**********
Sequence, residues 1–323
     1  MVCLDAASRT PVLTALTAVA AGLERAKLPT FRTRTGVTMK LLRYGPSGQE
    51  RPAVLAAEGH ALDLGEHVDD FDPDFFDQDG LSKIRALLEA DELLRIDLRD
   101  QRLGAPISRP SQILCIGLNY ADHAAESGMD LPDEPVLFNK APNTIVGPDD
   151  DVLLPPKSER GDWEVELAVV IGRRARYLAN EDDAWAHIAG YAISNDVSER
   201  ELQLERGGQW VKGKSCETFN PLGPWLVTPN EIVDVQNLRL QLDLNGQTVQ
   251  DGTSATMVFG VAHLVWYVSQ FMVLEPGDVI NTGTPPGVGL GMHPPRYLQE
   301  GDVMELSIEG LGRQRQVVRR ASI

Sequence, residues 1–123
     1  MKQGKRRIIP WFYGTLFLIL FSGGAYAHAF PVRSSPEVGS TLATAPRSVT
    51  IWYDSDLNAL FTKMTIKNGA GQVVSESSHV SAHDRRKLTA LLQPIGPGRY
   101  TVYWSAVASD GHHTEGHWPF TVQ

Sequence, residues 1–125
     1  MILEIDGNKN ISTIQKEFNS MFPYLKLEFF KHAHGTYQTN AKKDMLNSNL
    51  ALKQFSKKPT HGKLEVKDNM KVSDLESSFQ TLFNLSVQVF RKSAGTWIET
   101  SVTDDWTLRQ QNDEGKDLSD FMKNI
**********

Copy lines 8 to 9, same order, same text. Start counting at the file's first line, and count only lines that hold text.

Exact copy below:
   301  GDVMELSIEG LGRQRQVVRR ASI

Sequence, residues 1–123